WHILE President Hage Geingob presened Namibia’s action plan on climate change at the Climate Action Summit during 74th Session of the United Nations General Assembly in New York, the severe drought is decimating the bovine population of the northern regions back home.
Cattle are not only one of the backbone of the local economy in the Ohangwena, Oshana, Omusati and Oshikoto Regions, but also an important pillar of the indigenous culture.
“Cattle are dying en mass in Oshikoto just like in our neighbouring regions,” said Oshikoto Regional Governor Henock Kankoshi.
He said that his office is not yet in possession of exact number of the drought-related cattle deaths so far, but added that the situation is terrible.
He added that his office is working in close collaboration with constituency offices and ministry of agriculture not only to determine the extent of the damage caused by the drought so far, but also working on modalities of alleviating the situation.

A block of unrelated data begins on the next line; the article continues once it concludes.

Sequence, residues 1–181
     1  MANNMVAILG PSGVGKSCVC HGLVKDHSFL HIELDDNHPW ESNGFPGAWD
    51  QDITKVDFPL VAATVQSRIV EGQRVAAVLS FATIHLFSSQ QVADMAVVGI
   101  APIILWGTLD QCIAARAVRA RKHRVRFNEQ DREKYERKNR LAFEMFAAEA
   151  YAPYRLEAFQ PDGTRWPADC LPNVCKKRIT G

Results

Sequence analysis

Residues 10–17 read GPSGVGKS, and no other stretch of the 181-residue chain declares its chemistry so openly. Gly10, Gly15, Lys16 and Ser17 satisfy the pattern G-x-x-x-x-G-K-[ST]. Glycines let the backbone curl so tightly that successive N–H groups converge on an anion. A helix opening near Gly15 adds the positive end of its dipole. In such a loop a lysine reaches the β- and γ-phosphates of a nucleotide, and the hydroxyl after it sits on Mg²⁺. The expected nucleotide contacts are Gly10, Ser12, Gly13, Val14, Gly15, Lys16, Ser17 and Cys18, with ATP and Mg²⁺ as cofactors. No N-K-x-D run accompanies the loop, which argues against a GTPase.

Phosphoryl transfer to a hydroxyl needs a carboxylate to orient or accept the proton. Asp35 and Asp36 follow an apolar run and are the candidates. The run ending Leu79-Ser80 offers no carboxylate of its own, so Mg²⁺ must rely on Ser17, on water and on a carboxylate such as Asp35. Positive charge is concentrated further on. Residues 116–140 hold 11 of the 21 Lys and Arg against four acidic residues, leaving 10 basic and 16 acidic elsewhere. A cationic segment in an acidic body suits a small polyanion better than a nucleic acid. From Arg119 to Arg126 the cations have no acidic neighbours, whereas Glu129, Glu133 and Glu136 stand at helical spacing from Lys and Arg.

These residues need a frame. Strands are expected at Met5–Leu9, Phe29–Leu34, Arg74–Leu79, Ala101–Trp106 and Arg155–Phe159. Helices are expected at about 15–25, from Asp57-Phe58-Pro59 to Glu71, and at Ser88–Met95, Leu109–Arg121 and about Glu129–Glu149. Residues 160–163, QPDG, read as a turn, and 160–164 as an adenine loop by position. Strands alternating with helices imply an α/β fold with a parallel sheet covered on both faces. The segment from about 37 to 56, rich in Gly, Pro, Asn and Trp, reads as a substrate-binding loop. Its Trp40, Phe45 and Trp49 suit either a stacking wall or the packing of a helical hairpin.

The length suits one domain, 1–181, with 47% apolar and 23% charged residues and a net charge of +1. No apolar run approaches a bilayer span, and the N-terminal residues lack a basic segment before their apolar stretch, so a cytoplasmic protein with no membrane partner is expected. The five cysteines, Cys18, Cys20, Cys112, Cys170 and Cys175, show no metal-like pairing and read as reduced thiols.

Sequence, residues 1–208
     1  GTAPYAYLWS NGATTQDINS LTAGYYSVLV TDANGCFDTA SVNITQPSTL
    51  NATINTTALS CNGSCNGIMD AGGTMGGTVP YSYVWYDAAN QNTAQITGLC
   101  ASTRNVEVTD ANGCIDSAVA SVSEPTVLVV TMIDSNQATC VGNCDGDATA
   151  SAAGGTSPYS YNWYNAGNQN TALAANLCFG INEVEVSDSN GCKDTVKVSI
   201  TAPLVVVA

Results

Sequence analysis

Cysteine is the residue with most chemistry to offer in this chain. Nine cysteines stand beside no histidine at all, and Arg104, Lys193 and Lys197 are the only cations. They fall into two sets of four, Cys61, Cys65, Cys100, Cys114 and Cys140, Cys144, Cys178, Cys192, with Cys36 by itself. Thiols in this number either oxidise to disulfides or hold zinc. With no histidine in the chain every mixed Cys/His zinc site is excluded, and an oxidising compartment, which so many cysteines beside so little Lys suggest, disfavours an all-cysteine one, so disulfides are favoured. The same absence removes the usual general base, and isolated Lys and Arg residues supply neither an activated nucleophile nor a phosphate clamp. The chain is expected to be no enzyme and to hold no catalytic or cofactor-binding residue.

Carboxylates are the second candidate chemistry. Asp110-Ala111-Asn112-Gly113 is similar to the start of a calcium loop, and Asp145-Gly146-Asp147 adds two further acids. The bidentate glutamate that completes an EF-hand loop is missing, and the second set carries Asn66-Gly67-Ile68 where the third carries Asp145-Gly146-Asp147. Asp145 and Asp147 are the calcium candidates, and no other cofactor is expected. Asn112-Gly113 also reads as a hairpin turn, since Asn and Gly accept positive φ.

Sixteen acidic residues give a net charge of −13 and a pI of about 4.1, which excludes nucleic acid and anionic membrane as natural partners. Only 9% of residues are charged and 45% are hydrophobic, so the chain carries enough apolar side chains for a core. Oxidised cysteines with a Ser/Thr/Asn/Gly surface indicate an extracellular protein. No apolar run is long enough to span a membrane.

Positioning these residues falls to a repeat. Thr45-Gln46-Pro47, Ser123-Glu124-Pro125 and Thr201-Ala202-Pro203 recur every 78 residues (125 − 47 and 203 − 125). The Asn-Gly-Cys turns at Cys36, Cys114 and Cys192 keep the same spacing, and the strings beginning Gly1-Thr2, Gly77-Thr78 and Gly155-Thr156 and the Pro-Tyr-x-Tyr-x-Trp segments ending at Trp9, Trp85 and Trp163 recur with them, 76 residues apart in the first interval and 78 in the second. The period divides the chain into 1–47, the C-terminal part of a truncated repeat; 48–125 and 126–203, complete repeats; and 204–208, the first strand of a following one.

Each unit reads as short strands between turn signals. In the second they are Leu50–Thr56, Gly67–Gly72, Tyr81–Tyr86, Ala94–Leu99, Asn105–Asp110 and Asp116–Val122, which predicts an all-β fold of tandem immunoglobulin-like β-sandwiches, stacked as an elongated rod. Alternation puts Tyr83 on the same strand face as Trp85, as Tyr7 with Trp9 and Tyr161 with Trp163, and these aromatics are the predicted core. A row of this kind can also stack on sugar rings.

The total number of cattle in the northern communal areas was in 2015 estimated at 1.6 million. The numbers kept increasing mostly because cattle are seen not only as a marketable commodity but mostly as a valuable cultural asset.
Educationist Dineinge Sheya who is also Oshali village headman in the Ohangwena Region, said the situation is really desperate and no assistance is forthcoming.
“The government’s drought relief is limited to talking. No actual assistance is being provided to the affected communities,” he said, adding that cattle farmers in his area have lost close to 900 head of cattle.
According to him, many households have closed their cattle kraals, meaning that all the animals have died.
“People have tried to by all means save their livestock, including rationing dry mahangu stalks and leaves where available, and buying fodder, but we are now losing the battle,” he said.